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Dead Poets Society

Dead Poets Society June 30, 2013  Luke 9:43-62

A couple had expressed their ideas to each other about what to do for their holiday.  She had talked about hiking  through a coastal rain forest.  He had talked about surf-boarding and beach time.  Then they started packing.  He gathered up his board, easy-inflating pfd, water resistant sun screen, swim trunks, beach blanket, and cooler.  She gathered up her good hiking boots, walking staff, back pack, insect repellent, bear spray, hat, walking shorts, compass and water bottle.  Then they looked at what the other had packed.  “Houston, we have a problem!”

Communication is a challenge in most relationships, especially when the expectations or hopes on the two sides of the communication are radically different.  Jesus was out to do whatever was necessary to help others find the right way to God and to their true selves.  The disciples were looking for a rescuer.

The Dead Poets Society pierced, challenged, amused and inspired its viewers, supported by Robin Williams’ incredible acting gifts.  If you have never watched this movie, I do not have the gifts needed to adequately describe it.  The English teacher in this movie built bridges between dead poets and the hearts and lives of his students while resisting the expectations of the administration of the school.  In the course of the movie, the lives of his students add their own drama to the drama in the poetry and the lives of the poets.

After the scene of the transfiguration and their return to the realities of life below, the Gospel of Luke mixed in a variety of drama.  While the disciples were excitedly exclaiming about the wonderful things Jesus did, he told the disciples the Son of Man is about to be betrayed.

The disciples were clueless about what he meant, and they were too embarrassed to ask him to explain.  Then they started arguing about who would be greatest or most famous.  He brought a child to the center  and challenged them to accept the child as they accepted him, and that the least among them was the greatest. We can imagine the disciples thinking to themselves, Hey what?  That makes no sense.

And the drama continues.  A man asks to join them, and Jesus said the Son of Man has nowhere to sleep.  He invited another man to join them, and the man replied he would as soon as he buried his father.  Jesus told him to let the dead bury the dead. Another “Hey, what?”  We could spin this little story in several ways.  Maybe the man’s father was not dead yet, and it was an excuse.  Maybe there were other family members to look after the burial.  Maybe Jesus was in a hurry, not wanting to stay long enough in one place for the authorities to capture him.  And maybe Jesus was so focused on his mission of sharing his story, he did not have the time to wait for anyone.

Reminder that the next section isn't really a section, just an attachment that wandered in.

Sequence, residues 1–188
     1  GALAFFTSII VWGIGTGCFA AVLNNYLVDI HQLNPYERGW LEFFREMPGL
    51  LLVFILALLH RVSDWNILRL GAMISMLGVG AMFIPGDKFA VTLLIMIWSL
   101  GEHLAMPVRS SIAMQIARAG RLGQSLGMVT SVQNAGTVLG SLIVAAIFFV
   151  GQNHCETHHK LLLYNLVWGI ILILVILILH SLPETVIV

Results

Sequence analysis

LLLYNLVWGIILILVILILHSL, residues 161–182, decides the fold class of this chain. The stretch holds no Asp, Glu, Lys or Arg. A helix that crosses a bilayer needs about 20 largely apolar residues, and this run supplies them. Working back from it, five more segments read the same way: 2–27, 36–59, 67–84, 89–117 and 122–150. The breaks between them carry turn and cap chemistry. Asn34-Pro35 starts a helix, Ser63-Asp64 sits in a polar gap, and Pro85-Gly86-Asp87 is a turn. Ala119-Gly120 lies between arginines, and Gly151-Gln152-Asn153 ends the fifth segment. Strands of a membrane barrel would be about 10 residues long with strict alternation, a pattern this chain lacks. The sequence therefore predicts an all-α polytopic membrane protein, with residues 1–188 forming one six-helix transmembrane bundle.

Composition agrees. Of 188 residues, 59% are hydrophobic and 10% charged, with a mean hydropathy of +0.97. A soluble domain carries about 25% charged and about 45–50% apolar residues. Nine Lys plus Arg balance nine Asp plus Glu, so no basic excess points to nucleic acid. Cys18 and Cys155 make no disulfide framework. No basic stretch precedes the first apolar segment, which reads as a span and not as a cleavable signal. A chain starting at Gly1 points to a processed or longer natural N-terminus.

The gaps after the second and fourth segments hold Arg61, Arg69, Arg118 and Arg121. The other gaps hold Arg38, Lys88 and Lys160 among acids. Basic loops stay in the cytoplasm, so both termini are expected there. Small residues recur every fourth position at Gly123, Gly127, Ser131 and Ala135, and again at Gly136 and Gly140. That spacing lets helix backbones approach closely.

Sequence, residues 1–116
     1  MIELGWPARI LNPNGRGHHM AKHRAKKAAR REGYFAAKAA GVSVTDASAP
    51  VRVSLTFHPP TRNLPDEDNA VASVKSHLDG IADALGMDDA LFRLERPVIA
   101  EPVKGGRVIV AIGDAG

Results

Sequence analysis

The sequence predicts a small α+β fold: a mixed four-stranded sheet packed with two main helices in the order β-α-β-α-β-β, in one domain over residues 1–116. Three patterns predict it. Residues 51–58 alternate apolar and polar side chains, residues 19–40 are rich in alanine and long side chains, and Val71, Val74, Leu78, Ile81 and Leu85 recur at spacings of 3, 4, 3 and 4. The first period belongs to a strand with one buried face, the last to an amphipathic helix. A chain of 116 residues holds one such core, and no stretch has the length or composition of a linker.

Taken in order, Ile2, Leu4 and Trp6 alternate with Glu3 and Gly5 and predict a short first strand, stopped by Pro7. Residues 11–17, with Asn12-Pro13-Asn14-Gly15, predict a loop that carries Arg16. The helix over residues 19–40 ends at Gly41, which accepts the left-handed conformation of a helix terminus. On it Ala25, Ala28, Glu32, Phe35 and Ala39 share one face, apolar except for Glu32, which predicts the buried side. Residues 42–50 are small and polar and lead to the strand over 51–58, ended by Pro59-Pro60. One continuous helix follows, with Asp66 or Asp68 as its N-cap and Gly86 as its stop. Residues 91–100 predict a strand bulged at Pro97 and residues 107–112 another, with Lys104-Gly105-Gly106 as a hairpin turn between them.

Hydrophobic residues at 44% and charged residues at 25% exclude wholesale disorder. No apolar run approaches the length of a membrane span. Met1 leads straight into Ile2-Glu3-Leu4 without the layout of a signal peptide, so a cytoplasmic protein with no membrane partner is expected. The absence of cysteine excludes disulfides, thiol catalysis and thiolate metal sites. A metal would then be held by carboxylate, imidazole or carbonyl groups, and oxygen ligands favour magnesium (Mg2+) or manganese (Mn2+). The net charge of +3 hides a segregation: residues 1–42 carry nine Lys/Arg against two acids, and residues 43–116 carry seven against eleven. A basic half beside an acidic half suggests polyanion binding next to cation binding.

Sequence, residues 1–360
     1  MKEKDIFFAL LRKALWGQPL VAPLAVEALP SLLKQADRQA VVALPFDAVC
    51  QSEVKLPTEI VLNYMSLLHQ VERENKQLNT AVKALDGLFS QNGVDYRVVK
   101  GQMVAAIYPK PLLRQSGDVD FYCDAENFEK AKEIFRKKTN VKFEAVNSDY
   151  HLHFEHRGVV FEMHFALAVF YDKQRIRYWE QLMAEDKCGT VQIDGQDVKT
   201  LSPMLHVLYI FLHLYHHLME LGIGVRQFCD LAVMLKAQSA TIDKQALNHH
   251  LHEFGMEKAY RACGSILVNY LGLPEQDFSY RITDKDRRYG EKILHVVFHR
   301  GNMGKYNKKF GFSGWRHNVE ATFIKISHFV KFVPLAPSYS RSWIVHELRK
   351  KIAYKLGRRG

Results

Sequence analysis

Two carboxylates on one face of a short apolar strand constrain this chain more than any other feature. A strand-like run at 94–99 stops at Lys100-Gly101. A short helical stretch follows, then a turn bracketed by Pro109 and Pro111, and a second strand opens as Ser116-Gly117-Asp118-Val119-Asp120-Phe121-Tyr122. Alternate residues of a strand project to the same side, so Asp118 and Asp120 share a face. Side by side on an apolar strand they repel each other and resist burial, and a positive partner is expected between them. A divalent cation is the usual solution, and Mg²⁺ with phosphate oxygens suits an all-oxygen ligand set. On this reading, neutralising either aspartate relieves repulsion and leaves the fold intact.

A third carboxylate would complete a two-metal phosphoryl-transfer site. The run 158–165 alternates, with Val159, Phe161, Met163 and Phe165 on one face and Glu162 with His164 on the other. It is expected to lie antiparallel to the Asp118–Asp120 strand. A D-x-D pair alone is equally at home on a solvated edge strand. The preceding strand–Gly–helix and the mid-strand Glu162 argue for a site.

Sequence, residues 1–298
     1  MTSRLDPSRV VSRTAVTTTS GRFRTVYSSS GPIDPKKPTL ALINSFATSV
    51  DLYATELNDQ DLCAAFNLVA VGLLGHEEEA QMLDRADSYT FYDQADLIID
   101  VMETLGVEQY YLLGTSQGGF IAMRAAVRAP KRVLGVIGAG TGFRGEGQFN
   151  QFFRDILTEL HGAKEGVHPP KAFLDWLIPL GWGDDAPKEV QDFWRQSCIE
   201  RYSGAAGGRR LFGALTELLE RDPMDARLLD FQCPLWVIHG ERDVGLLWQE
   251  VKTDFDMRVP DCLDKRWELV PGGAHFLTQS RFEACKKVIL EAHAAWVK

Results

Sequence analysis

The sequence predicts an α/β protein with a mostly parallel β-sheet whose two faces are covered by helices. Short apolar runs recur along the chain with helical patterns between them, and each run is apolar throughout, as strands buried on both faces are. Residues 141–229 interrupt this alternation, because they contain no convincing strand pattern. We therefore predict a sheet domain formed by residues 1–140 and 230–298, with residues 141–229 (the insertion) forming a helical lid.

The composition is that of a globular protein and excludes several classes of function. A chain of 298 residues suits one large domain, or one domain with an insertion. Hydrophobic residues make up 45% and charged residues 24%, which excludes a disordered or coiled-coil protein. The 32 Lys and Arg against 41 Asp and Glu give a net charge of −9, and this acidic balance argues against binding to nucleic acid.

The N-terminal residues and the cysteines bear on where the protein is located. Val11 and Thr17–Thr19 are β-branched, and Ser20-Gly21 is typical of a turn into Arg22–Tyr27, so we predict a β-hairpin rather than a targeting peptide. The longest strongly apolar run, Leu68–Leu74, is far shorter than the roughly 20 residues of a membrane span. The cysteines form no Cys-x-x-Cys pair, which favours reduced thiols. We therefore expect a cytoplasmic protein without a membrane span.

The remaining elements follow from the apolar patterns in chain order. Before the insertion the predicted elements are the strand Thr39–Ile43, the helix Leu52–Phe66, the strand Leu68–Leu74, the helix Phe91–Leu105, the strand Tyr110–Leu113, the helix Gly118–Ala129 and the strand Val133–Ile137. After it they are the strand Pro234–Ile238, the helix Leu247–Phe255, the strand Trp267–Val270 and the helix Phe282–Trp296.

Another wanted to follow, but asked to say goodbye to his family first.  Jesus’ answer here seems pretty sharp as well –“No one who puts a hand to the plow and looks back is fit for the kingdom of God.”  To me, this answer would make most or all of us unfit for the kingdom of God.

Jesus did not just challenge the assumptions, practices and authority of the religious and political leaders, he challenged the assumptions, practices, and expectations of his listeners.  And we are still challenged by his words and deeds.  The two most severe challenges are to act now, not later, and the challenge to not look back once we have started.

There is laughter and deep tragedy in The Dead Poets Society.  Following Jesus, pursuing his mission and our mission will almost certainly also include both.  There was an intense deepening of relationships in the film, and we will experience an intense deepening of relationships as we become more real to one another and to others.

The Dead Poets Society explored what it means to be a teacher, the dynamics of power in tradition-oriented institutions, and the challenges for young people going through their coming of age events.  We see the power of love by the teacher for literature and for his students pushing against the comfort levels of the administration, fellow teachers, and  even some students and their parents.

Our Bible contains the works of hundreds of dead poets including those whose work was adapted by successive generations of poets as they sought ways of expressing their experiences of God and the Spirit.  The most important poetry by Jesus was in what he did and in how he connected with others.  Since then, thousands of other poets have shared their experiences of God, Jesus and the Spirit, and helped to shape and reshape the Christian church.

And so here we are: recipients of the creative gifts of thousands of people over thousands of years.  What will we do with their gifts?  Will we reject their messages because they are uncomfortable?  Will we resist effectively sharing their gifts, like some of the staff in the movie?  Will we allow them to touch us and transform us?  For the love of God and other people what are we prepared to risk?

May God encourage and guide us as we travel the way set by Jesus.

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